Lusheng Briefing – Legal Framework For Evidence Gathering Activities In Respect Of Intellectual Property Infringements

Lusheng Press Editor

28 Aug 2023

This Briefing is a summary of a more detailed Memo that is available for clients of the firm. The Briefing and Memo have been updated to April 28th 2023 may be used as general guidance on legality of evidence gathering methods that are typically used in China to investigate IPR infringement. This Briefing does not constitute legal advice. It is important that you check with us for any legislative changes that may have occurred since the date of this Briefing, and seek legal advice in relation to any specific evidence gathering activities you plan to conduct in China.

Key Takeaways in this Briefing:

- There is no regulation in China for private investigations, however it is an industry which operates the open. For evidence gathering of IP infringement, the use of private investigators is well known and tolerated by courts and law enforcement authorities.

- The fundamental methods of evidence gathering by investigators, namely, use of an alias, purchase of samples, covert audio and video recording, are all supported by legislation and precedential cases. However, certain equipment, such as tracking and listening devices, are banned, and investigators should not make use of these tools.

- Legislation provides that evidence can not be admitted if it seriously infringes the legitimate rights of others. In practice, this provision is not triggered by the use of ordinary investigative methods described above, including covert video and audio recording without permission, provided that there was no illegal means (ie trespass, coercion) used to obtain them.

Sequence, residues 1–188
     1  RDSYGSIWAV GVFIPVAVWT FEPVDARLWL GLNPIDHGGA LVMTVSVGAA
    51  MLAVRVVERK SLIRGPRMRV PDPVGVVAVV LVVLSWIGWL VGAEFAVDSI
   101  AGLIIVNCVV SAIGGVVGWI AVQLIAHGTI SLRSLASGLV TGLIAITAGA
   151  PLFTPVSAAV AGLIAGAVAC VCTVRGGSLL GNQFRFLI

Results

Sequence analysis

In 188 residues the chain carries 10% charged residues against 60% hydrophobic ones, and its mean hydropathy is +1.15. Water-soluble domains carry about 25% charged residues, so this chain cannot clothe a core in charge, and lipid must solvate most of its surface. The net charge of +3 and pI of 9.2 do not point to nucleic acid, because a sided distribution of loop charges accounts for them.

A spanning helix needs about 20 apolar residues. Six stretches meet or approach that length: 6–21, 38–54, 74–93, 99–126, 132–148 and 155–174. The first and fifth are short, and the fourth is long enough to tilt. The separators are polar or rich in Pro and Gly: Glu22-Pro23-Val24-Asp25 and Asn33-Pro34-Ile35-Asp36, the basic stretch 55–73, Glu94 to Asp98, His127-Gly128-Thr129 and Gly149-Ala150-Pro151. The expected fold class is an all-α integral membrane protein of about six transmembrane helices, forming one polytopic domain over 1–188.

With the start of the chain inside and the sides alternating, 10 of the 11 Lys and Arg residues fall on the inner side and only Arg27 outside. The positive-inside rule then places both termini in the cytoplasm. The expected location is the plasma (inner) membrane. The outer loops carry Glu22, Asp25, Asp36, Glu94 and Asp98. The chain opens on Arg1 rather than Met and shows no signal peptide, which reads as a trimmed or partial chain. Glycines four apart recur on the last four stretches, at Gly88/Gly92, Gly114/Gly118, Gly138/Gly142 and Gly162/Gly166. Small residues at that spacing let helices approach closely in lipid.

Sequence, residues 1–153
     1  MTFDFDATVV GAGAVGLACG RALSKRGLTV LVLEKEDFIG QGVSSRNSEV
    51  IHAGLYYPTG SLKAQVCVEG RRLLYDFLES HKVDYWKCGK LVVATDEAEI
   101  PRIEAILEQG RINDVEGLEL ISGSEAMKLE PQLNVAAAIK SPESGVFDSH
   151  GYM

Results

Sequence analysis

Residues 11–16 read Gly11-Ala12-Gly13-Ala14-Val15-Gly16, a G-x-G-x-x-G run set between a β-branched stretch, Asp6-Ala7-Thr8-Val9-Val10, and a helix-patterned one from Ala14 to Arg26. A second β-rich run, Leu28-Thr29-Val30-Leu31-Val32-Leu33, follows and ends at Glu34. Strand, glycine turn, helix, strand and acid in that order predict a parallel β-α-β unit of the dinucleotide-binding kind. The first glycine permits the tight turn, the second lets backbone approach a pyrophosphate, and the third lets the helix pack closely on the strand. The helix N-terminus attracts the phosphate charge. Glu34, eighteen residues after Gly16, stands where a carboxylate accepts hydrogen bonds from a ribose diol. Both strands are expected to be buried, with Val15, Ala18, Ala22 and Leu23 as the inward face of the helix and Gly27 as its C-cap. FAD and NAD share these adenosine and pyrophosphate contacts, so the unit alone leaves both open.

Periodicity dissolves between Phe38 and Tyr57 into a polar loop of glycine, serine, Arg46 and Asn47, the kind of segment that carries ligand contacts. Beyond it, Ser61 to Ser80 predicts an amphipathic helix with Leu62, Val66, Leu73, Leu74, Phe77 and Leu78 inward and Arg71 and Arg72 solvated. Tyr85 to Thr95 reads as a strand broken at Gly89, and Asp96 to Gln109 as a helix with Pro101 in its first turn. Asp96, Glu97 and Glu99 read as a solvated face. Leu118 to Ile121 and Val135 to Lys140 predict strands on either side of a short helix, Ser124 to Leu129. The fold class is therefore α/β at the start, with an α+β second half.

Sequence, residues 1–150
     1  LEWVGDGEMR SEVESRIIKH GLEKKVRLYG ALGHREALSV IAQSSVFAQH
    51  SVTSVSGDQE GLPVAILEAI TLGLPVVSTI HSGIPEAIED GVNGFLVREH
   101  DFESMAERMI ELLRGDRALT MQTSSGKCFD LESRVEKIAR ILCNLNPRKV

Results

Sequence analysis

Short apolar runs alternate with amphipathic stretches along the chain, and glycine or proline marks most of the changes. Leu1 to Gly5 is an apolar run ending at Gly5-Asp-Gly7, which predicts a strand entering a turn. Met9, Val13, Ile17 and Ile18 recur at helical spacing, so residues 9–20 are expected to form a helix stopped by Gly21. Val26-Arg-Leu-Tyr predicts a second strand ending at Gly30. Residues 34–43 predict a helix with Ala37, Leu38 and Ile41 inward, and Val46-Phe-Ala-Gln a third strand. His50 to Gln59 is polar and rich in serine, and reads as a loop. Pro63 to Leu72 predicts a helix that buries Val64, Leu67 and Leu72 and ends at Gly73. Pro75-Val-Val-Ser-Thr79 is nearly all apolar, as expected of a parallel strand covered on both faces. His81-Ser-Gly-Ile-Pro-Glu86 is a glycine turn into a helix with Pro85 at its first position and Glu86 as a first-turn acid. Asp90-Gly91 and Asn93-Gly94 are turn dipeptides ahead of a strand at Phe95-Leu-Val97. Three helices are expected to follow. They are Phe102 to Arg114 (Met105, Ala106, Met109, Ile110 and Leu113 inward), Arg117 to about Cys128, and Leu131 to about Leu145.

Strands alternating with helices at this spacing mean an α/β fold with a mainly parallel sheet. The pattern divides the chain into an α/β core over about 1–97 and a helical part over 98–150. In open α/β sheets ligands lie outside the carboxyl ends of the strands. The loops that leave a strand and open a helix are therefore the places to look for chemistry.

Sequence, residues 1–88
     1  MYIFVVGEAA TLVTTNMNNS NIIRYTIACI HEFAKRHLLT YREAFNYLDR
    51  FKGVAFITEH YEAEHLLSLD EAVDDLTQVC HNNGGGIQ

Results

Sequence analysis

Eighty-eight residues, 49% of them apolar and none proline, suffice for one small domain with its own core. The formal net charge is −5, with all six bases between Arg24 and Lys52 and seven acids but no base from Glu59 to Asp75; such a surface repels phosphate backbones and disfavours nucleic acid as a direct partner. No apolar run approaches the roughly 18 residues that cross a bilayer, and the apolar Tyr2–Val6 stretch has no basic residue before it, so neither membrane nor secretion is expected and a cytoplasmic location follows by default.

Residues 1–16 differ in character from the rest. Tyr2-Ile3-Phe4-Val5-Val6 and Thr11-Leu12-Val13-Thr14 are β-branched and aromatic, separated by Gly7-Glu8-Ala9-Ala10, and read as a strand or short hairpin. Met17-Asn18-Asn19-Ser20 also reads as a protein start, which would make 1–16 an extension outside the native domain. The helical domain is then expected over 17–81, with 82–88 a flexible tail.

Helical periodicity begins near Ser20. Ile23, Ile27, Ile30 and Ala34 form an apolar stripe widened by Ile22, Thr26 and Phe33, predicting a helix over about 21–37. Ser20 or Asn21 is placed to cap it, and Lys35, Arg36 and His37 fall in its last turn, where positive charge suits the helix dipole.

- The practice of whistleblowing (ie, voluntary reporting of unlawful activity by someone within an organization) is protected and encouraged in China, regardless of whether the whistleblower is paid a reward.

- Another investigation method commonly used, especially in anti-counterfeiting, is paid informants – that is, investigators who aim to be hired by the target company to pinpoint acts of infringement. While companies that are found to be engaging in IP infringement do not enjoy legal protection for their infringing acts, informants and IP owners who engage them must operate within certain boundaries to avoid potential legal risk.